A decision is expected soon on whether to seek the death penalty against a Colorado man charged with killing three would-be business partners during a marijuana deal near Forestville, prosecutors said Thursday.
Detectives said Mark Cappello, 46, of Central City, Colo., shot the three men execution-style Feb. 5 as they packaged marijuana for transport to the East Coast.
Cappello and two accomplices were later arrested and charged with murder, but only Cappello is eligible for a death sentence if he's convicted at trial, now set for April 4.
District Attorney Jill Ravitch, who has yet to pursue capital punishment in any case since taking office in 2011, has not said what she plans to do.
But her decision is expected to be announced within the next month. A preliminary hearing was completed in October and Cappello has retained a permanent lawyer.
Judge Robert LaForge, who is overseeing the case, pressed prosecutors on the issue Thursday. How the district attorney chooses to proceed will affect defense strategies, trial scheduling and legal costs.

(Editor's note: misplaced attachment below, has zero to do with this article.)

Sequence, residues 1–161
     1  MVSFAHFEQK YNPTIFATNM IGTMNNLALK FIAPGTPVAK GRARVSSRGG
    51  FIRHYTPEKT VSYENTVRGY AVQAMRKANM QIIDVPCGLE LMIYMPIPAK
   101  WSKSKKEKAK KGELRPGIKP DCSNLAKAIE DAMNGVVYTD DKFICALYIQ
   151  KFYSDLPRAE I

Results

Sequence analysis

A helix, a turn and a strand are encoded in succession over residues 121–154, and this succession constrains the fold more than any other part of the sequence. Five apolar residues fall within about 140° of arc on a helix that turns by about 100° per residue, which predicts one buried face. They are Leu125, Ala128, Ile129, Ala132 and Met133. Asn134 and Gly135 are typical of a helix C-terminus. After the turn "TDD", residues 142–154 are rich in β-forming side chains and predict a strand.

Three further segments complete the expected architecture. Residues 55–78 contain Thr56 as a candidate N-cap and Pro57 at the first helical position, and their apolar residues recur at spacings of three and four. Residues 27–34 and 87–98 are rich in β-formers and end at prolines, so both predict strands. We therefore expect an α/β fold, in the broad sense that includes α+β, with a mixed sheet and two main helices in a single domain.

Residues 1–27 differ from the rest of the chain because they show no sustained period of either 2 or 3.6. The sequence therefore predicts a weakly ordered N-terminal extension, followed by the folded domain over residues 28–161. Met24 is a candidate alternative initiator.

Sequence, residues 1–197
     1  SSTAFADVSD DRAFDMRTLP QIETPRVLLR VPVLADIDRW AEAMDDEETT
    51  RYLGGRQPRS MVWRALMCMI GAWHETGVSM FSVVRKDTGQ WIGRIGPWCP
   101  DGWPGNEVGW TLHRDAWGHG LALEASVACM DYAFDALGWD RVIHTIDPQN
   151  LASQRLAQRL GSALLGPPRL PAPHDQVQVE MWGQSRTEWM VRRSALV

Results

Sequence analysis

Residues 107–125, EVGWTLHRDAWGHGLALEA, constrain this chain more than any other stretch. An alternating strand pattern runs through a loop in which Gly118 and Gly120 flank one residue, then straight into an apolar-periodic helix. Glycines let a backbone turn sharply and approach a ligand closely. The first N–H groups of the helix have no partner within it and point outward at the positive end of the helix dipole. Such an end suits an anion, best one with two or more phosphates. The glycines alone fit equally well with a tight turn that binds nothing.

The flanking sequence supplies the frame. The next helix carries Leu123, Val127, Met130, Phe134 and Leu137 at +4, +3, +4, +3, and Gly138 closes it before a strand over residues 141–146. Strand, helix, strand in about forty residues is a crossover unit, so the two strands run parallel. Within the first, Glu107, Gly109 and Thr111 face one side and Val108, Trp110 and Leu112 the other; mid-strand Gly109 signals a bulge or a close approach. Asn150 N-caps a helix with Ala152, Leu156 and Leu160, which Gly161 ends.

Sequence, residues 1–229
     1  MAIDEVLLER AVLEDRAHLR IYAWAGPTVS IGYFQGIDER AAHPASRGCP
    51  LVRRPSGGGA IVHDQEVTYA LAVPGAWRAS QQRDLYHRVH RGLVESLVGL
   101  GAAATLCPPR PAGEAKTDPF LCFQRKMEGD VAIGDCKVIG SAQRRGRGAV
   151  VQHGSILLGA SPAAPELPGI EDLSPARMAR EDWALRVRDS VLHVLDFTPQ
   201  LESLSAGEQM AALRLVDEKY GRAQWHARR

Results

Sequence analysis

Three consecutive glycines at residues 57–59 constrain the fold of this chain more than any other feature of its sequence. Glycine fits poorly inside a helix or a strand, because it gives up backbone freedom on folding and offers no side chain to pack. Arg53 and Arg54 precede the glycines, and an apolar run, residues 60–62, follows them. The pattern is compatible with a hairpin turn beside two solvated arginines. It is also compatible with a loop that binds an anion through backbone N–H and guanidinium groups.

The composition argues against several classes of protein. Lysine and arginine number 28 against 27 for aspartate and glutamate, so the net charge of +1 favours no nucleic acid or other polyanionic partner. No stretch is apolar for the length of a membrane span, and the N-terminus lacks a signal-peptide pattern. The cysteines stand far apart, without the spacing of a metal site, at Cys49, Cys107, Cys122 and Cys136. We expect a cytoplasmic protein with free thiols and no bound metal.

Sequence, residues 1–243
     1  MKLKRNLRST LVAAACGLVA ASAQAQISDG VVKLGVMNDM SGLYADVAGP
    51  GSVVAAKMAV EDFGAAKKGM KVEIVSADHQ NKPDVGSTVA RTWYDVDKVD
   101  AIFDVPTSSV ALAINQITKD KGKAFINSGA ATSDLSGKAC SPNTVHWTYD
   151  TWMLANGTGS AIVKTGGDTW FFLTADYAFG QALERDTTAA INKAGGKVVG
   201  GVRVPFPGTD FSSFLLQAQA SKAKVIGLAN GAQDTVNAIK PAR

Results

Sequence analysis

"A decision we're hoping is forthcoming within the next 30 days," Deputy District Attorney Traci Carrillo said in court.
Ravitch is expected to consult her hand-picked death penalty committee as well as the victims' families and defense attorneys in reaching a decision. The process has been delayed in part because Cappello was deciding whether to retain his private lawyer, Michael Meehan, or get a court-appointed attorney. He announced Thursday he would keep Meehan.
Cappello and co-defendants Odin Dwyer, 38, also of Colorado, and Dwyer's father, Francis Dwyer, 66, of New Mexico, face trial in one of the most violent crimes to arise from the North Coast's lucrative marijuana trade.
According to preliminary hearing testimony, Cappello recruited the Dwyers to drive with him to Sonoma County to pick up about 70 pounds of marijuana. The plan was to drive it back across the country to New York, where it would be sold at a profit.